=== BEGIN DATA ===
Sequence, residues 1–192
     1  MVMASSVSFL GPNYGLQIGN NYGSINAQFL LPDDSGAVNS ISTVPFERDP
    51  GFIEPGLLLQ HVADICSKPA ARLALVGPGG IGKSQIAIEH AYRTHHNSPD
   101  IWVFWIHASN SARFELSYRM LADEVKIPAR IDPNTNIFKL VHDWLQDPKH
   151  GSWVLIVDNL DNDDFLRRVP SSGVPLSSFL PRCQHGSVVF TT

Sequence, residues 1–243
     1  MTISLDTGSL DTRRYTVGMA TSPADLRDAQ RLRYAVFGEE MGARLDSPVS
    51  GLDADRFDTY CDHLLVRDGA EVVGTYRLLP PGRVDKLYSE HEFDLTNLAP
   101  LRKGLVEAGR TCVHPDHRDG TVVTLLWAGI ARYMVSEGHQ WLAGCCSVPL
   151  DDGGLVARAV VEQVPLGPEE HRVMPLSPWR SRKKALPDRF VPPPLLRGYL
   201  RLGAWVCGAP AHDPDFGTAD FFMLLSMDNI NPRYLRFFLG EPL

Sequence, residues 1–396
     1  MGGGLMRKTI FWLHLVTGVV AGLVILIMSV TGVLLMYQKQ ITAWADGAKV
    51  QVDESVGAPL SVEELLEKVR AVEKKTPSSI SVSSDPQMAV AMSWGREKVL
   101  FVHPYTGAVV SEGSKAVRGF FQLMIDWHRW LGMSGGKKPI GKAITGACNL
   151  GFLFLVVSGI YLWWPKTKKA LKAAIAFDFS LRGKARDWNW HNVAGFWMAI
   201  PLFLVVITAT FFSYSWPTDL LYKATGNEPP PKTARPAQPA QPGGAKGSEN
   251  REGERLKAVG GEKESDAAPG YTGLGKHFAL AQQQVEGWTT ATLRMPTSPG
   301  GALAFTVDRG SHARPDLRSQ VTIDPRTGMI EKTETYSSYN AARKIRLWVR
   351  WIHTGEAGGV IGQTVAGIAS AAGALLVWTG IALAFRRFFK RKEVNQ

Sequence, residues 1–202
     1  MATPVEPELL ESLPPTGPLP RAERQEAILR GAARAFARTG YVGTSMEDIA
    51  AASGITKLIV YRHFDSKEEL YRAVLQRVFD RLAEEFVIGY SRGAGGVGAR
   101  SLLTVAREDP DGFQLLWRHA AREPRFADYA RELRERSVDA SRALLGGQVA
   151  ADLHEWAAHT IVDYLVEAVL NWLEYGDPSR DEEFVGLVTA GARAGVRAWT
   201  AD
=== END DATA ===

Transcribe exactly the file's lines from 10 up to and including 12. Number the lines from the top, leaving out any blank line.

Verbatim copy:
   151  DDGGLVARAV VEQVPLGPEE HRVMPLSPWR SRKKALPDRF VPPPLLRGYL
   201  RLGAWVCGAP AHDPDFGTAD FFMLLSMDNI NPRYLRFFLG EPL

Sequence, residues 1–396